Marianne H. (72, widowed) lives in her own house in Fusch, a small village in the mountains of Salzburg near the Großglockner. Her daughter Michaela (48, married, one child just finishing school, employed) lives in the neighbour village and visits her once or twice a week. Since many years Marianne is suffering from congestive heart failure associated with shortness in breath. Due to her illness she does very little physical exercise and now she is also overweight. Her family doctor knows that at her age, Marianne needs to do more than just changing her diet, therefore he always encourages her to do physical exercises, e.g. at least to go for regular walks in order to mobilize her and to prevent her from suffering a thrombosis. Marianne needs help with personal hygiene and monitoring of medication, and thus has contracted five hours home care per week from the Hilfswerk (one of the main care providers in Austria). Before, her neighbours Hans and Anna Z. took over some responsibilities and helped her with gardening and cleaning the house. However, they were worried to take on care responsibilities due to being afraid to provide inappropriate help.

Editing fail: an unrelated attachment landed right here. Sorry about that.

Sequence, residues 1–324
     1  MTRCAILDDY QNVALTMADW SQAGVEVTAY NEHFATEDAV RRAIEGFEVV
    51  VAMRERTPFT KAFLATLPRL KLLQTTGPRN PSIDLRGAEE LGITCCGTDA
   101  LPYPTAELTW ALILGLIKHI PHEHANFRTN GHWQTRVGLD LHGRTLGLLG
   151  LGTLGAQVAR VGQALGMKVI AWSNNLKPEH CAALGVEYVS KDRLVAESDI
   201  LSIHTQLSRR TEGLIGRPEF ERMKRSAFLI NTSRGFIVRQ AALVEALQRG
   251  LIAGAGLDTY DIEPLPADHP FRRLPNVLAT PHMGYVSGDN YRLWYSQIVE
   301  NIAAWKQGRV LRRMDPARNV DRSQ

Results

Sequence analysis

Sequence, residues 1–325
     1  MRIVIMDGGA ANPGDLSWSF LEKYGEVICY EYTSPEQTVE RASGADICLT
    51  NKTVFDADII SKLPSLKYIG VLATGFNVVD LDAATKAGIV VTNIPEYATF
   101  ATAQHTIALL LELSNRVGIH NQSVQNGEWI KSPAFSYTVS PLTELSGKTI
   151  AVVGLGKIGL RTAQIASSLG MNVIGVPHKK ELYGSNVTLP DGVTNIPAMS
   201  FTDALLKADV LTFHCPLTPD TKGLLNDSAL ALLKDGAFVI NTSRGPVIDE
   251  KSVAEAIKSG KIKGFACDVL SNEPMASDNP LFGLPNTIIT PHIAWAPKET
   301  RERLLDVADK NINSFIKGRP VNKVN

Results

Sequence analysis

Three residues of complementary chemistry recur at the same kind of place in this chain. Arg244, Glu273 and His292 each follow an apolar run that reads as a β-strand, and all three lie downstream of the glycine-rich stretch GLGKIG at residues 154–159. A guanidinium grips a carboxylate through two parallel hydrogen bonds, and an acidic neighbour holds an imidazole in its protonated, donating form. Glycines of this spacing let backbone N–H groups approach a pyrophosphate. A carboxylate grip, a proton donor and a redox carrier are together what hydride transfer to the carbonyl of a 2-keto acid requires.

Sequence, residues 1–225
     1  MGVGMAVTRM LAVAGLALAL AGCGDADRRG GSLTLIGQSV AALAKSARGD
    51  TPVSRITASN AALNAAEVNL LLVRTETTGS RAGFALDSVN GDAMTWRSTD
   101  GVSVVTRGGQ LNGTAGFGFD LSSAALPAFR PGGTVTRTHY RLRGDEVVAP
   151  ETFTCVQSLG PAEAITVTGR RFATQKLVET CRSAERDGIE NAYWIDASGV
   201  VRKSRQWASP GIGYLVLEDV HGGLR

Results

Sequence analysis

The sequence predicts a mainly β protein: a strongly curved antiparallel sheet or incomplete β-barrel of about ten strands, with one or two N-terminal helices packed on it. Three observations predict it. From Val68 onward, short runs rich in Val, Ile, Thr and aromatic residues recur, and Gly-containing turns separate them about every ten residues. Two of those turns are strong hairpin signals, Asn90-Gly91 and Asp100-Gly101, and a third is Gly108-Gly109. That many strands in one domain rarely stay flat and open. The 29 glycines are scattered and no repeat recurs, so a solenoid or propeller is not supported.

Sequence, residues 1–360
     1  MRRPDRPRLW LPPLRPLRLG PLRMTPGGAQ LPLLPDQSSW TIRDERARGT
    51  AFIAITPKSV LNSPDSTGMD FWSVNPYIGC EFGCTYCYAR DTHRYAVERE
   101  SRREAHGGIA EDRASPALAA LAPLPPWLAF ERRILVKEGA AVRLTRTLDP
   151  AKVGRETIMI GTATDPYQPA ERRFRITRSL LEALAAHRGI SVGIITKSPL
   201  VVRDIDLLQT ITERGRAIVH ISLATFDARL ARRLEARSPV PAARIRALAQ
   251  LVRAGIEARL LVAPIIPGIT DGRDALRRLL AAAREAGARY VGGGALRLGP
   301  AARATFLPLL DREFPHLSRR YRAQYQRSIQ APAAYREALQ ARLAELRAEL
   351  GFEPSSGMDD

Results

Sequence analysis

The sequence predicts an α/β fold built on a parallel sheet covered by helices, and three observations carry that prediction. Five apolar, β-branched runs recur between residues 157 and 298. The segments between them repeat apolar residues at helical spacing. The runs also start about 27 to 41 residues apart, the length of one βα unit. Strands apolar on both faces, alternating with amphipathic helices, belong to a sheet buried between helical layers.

Despite the deterioration of her health status her family doctor still insists that she should engage in more physical activities. One day, he tells Marianne that a new service called ‘CiM’ is available on the market which she could use as „virtual assistant“ to conduct individually tailored physical activities on a regular basis while staying in touch with her local community. The service is based on personal devices called “tablet” and “fitness tracker”. First, Marianne has doubts wearing such a device but she decides to test it because the system offers the possibility that her neighbours receive a special training (‘CiM-education service’) in order to be able to assist her. Marianne also finds out that her granddaughter is thinking about becoming a nurse and she therefore participates taking Marianne for walks. According to her training plans, Marianne has to go for a walk with her granddaughter every other day for at least 25 minutes. At the beginning she is frustrated. But after three weeks she realises that she is again able to do daily activities that she was unable to achieve before. After two months she has already lost five kilograms and can now reduce care time of the Hilfswerk – also helped by the fact that her neighbours are now able to help her again. She says that she would never want to miss the system as it gives her positive feedback, needs-tailored training plans (‘CiM-motivation and motion promotion service’), enabled her to go to church alone again. Her progress pleases her family doctor and her neighbours.